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    New member here.
    Sorry I haven't done a formal intro yet, but I really want to chime in here.

    I come from a video editing background, and I'm a long time Mac user.

    I wanted to comment on one of the most important yet most overlooked aspect of using a Mac for any type of imaging work.
    Which is system wide color profiling.
    Unlike other systems, MacOS X has built in system wide ICC profiling.
    This means that images maintain a constant appearance through all Apple apps and 3rd party applications.
    Windows systems are only color managed when using an application that uses color management such as Photoshop.
    So on windows, the images you see in an explorer window are NOT color managed, meaning they'll have a much different appearance in explorer than in photoshop.
    In contrast, images in a finder window on a Mac will look exactly the same as they do in Photoshop, Aperture, and/or iPhoto.

    Do you not have a computer that you work with images on right now at all?
    What are you posting here with?
    Because honestly, as has already been said, a budget of $500 for a system to work with images on is really not advisable.
    That entire budget would still be on the low end for the display alone.
    I think even a 20 inch Apple Cinema Display is like $800.
    I'd personally hold out until I had more $$$ to work with, sell some stuff you have or take a 2nd job and put it all in the budget for a new machine.
    Have you considered a Mac-Mini?
    They're not as expensive as other Macs(I think they're $599 for just the unit with no monitor mouse or keyboard) but still offer the same benefits.
    They aren't as powerful as a MacPro or MacBookPro, but they're fast enough to get you started in building a client base and workflow that will allow you to generate income you can sink back into the project to get a more powerful system at a later time.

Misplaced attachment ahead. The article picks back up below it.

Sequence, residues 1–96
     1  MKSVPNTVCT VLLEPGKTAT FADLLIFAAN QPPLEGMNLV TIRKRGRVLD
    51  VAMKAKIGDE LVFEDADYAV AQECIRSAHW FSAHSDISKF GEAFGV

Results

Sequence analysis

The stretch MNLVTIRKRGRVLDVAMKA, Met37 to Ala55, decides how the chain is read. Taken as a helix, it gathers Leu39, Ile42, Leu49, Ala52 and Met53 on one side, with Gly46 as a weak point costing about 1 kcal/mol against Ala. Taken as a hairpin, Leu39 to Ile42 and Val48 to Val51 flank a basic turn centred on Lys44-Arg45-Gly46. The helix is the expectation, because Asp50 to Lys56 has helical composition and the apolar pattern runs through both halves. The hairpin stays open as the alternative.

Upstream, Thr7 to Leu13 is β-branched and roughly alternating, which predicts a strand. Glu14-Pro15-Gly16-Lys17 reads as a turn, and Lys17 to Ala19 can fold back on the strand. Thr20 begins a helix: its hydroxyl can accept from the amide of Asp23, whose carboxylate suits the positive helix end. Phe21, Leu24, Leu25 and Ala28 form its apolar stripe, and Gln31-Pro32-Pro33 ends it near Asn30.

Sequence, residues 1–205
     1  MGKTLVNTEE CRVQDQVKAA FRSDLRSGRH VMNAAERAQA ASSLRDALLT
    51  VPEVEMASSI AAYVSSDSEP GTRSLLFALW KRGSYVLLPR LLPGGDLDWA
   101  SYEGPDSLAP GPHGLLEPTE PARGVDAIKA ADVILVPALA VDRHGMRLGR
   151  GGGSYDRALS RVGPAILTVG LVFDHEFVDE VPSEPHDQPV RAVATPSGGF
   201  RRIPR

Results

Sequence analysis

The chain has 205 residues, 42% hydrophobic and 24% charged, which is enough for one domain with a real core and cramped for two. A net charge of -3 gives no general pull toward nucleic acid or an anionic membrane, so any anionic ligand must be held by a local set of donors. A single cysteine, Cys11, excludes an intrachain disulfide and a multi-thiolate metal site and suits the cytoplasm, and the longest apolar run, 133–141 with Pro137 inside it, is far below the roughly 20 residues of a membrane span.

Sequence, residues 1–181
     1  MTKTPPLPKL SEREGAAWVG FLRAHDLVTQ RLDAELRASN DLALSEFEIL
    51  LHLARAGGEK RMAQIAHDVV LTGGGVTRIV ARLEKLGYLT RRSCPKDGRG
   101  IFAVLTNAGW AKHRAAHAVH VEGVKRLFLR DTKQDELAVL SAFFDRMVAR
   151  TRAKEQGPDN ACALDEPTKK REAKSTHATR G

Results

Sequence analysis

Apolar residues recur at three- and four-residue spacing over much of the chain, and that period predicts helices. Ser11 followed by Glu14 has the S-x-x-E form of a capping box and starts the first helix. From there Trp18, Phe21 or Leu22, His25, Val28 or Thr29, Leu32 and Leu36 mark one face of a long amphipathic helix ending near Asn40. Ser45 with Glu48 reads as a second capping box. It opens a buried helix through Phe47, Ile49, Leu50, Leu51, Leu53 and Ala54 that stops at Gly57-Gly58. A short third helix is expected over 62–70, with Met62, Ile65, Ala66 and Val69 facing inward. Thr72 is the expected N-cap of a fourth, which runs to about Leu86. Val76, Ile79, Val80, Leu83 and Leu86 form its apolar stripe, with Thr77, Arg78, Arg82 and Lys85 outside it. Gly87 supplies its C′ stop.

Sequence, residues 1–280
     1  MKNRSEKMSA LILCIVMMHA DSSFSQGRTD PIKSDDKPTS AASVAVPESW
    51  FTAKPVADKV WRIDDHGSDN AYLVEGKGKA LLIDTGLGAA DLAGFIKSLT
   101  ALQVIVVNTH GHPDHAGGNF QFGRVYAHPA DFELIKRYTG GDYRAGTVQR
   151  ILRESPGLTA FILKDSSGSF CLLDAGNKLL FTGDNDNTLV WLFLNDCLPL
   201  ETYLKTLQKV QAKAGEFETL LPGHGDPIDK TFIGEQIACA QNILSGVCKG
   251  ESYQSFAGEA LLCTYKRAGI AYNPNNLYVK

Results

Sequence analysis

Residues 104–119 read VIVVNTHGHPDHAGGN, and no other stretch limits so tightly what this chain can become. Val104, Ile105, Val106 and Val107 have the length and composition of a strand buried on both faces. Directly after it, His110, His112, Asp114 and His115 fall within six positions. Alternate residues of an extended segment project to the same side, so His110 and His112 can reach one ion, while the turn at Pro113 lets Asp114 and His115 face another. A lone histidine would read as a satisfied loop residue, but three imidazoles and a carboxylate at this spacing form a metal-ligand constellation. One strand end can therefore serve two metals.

Then you have a seperate machine to run something like QuickBooks on to get yourself even more established.
    Add a 'Time Capsule' later too, and you have an all in one backup solution for the Mac-Mini running quickbooks, and your new workstation with all your assets on it.
    You really don't want all your eggs in one basket.
    I learned that the hard way with the PowerMac G5, which all but completely died on me before it was a full 4 years old.
    All my assets were on it, and it set me way back in productivity and money.
    I wanted to blame apple, and I still believe they are somewhat at fault, but in the end I was the one who put all my eggs in that basket.
    I'm still recovering from that.
    But in trying to see the positive, that experience forced me to create a good backup policy.
    I created automator actions that copy images to both Aperture library and to network attached storage devices simultaneously everytime I dump a card.
     
    Last edited: Nov 17, 2009
  11. kayliana

    kayliana TPF Noob!

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    I'm using a Sony laptop right now. I will save my money if a mac is the best route to go. I'm just afraid because you can't upgrade, and what if one thing breaks? Aren't the monitor and computer all one? Thanks for everyones opinions and advice :)
     
  12. ironsidephoto

    ironsidephoto TPF Noob!

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    There are many different types of macs. For your budget, I might recomment a mac mini? You supply your own keyboard/mouse/monitor, and they supply the computer. That way you get all of the benefits and stability of os x, and if you want to upgrade later you didn't put too much money into it. otherwise, saving up for an iMac would be your best bet I think. The thing about macs is that they hold their value much better than PCs do--if you take care of it, you can resell it for more later.

    Also, fyi, ram is totally upgradable, and easy on all macs. Don't buy ram from apple--buy it from a 3rd party. I chose to spend $160 to upgrade to 4gb ram for my iMac, while on apple it was $800 at the time.


    And definitely take heed of what the guy two posts up said--backup backup backup, on ANY system. mechanical parts fail.

    also if you're a student or know one, you can get an education discount from apple--it'll help a little. (and free printer anytime, and ipod if you get one in the summer)